On December 10, 2014, the Food and Drug Administration (FDA) approved Gardasil 9 (formerly V503; Merck Sharp and Dohme Corp.), a 9-valent prophylactic human papillomavirus (HPV) vaccine that was developed to succeed Gardasil, Merck’s 4-valent prophylactic HPV vaccine marketed in the U.S. since 2006.
Gardasil 9 targets the same 4 HPV types as original Gardasil (types 6, 11, 16, and 18) plus 5 more: HPV types 31, 33, 45, 52, and 58. This additional set of HPV types is believed to be responsible for approximately 20% of cervical cancers. HPV 16 and HPV 18 are responsible for approximately 70% of cervical cancer cases worldwide. Gardasil 9, therefore, potentially prevents approximately 90% of cervical, vulvar, vaginal, and anal cancers. Gardasil’s only competitor in the U.S. market to date is the less popular bivalent HPV vaccine, Cervarix (GlaxoSmithKline).
Gardasil 9 is approved for the prevention of cervical, vulvar, vaginal, and anal cancers caused by HPV types 16, 18, 31, 33, 45, 52, and 58 and for prevention of genital warts caused by HPV types 6 or 11. The vaccine is indicated for use in females age 9 through 26 and males age 9 through 15. Gardasil’s only competitor in the U.S. market to date is the less popular bivalent HPV vaccine, Cervarix (GlaxoSmithKline).
There are more than 150 known HPV viruses; more than 40 types can be transmitted via sexual contact. Some of these sexually transmitted HPV types can cause genital warts; other types can cause cancer. Infection with HPV is the major cause of cervical cancer and most anal cancers. HPV vaccines work by triggering an immune response to the targeted HPV types, thereby preventing persistent HPV infection after exposure. Gardasil 9 does not contain live HPV.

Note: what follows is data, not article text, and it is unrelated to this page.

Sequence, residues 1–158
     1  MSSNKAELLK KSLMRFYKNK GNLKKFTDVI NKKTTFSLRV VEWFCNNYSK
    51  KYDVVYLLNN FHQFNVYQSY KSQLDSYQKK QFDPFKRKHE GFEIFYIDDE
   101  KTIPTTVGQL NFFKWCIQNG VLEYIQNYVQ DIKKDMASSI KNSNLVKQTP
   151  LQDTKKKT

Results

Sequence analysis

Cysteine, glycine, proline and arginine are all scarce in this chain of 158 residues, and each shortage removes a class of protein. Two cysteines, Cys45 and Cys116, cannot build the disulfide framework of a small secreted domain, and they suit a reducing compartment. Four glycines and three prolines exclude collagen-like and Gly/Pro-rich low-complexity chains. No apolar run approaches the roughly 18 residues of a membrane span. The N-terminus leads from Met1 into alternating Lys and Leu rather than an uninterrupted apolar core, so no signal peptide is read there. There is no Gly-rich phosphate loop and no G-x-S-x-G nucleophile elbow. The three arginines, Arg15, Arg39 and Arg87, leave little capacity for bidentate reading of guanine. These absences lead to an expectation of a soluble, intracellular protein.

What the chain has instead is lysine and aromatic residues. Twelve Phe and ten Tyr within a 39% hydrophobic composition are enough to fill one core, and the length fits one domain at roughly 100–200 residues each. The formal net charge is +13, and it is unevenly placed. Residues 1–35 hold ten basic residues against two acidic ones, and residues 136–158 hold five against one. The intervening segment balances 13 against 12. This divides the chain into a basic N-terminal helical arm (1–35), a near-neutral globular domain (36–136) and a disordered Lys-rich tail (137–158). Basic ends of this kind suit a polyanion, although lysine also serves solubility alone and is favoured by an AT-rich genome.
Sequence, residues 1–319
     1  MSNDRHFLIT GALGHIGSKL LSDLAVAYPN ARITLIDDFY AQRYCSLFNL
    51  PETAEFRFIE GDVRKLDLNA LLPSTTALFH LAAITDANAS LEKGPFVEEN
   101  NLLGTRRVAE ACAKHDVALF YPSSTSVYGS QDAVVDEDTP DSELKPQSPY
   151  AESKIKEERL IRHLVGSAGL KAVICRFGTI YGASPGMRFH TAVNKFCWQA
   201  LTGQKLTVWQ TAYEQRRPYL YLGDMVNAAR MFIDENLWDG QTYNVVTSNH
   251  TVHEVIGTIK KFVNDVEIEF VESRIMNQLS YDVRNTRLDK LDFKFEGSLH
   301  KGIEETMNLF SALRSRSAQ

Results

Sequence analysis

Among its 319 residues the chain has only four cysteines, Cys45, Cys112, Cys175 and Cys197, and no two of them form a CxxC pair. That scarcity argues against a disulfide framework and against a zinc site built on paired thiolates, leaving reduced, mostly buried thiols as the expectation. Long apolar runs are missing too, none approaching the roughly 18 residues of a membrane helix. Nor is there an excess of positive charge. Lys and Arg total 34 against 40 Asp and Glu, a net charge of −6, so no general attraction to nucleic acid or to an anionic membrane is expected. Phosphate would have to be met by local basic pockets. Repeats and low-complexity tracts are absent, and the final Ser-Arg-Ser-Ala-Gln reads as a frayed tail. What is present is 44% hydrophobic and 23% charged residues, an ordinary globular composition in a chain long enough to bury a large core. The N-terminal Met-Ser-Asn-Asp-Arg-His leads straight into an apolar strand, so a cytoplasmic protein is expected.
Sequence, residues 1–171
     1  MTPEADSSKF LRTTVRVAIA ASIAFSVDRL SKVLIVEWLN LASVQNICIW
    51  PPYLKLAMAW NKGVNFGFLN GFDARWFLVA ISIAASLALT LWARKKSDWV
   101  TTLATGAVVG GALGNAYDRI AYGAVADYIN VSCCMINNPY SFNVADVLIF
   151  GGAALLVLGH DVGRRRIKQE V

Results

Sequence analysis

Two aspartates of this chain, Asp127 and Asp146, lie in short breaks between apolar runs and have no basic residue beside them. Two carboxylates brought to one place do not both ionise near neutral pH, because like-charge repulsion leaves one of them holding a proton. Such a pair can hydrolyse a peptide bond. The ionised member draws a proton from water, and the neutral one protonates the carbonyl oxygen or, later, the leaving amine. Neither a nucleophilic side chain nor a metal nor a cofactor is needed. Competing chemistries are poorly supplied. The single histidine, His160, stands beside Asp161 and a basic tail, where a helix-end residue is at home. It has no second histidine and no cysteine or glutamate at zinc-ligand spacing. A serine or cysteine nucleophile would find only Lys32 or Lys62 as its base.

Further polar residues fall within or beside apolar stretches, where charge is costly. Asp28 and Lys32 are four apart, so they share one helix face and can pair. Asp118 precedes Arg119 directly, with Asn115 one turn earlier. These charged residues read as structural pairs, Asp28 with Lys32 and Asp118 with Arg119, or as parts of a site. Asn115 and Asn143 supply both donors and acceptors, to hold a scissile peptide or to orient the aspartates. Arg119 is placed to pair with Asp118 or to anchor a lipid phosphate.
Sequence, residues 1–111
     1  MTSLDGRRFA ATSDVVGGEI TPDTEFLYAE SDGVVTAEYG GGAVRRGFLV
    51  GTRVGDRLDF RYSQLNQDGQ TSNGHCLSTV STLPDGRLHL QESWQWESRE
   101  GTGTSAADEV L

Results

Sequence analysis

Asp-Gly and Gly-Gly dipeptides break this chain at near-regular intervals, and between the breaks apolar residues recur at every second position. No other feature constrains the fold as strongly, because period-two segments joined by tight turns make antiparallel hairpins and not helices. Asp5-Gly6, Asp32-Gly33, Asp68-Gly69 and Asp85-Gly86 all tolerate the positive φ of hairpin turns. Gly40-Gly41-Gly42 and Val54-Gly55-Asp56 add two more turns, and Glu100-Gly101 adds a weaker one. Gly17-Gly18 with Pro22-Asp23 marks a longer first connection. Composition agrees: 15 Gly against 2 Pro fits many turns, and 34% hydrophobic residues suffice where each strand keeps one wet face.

The FDA approval was based on safety data from 6 clinical studies that included 13,234 individuals who received at least one dose of Gardasil 9; the most commonly reported adverse reactions were injection site pain, swelling, redness, and headache. Efficacy was evaluated in an active comparator trial of more than 14,000 females ranging in age from 16 to 26 years who were randomized to receive either Gardasil 9 (n=7099) or quadrivalent Gardasil (n=7105). Gardasil 9 demonstrated effectiveness comparable to quadrivalent Gardasil against HPV types 6, 11, 16, and 18 and demonstrated 97% effectiveness in generating immune response against 5 additional HPV types (31, 33, 45, 52, and 58).
There is no evidence that Gardasil 9 provides protection against disease due to HPV exposure that occurred prior to vaccination. Women should continue to have recommended cervical cancer screening after vaccination with Gardasil 9. Gardasil 9 is administered via intramuscular injection; vaccination requires 3 injections. The initial injection is followed by a second injection 2 months later, and a third injection at 6 months.